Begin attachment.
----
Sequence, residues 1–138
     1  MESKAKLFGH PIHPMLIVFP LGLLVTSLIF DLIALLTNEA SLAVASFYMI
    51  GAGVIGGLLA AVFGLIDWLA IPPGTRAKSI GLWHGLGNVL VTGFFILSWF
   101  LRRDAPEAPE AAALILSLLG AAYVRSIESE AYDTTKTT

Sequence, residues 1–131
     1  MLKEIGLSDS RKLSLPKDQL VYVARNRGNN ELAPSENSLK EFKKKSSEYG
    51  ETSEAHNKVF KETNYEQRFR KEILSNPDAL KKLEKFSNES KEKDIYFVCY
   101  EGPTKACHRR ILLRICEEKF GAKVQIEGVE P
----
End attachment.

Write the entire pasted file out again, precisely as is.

Sequence, residues 1–138
     1  MESKAKLFGH PIHPMLIVFP LGLLVTSLIF DLIALLTNEA SLAVASFYMI
    51  GAGVIGGLLA AVFGLIDWLA IPPGTRAKSI GLWHGLGNVL VTGFFILSWF
   101  LRRDAPEAPE AAALILSLLG AAYVRSIESE AYDTTKTT

Sequence, residues 1–131
     1  MLKEIGLSDS RKLSLPKDQL VYVARNRGNN ELAPSENSLK EFKKKSSEYG
    51  ETSEAHNKVF KETNYEQRFR KEILSNPDAL KKLEKFSNES KEKDIYFVCY
   101  EGPTKACHRR ILLRICEEKF GAKVQIEGVE P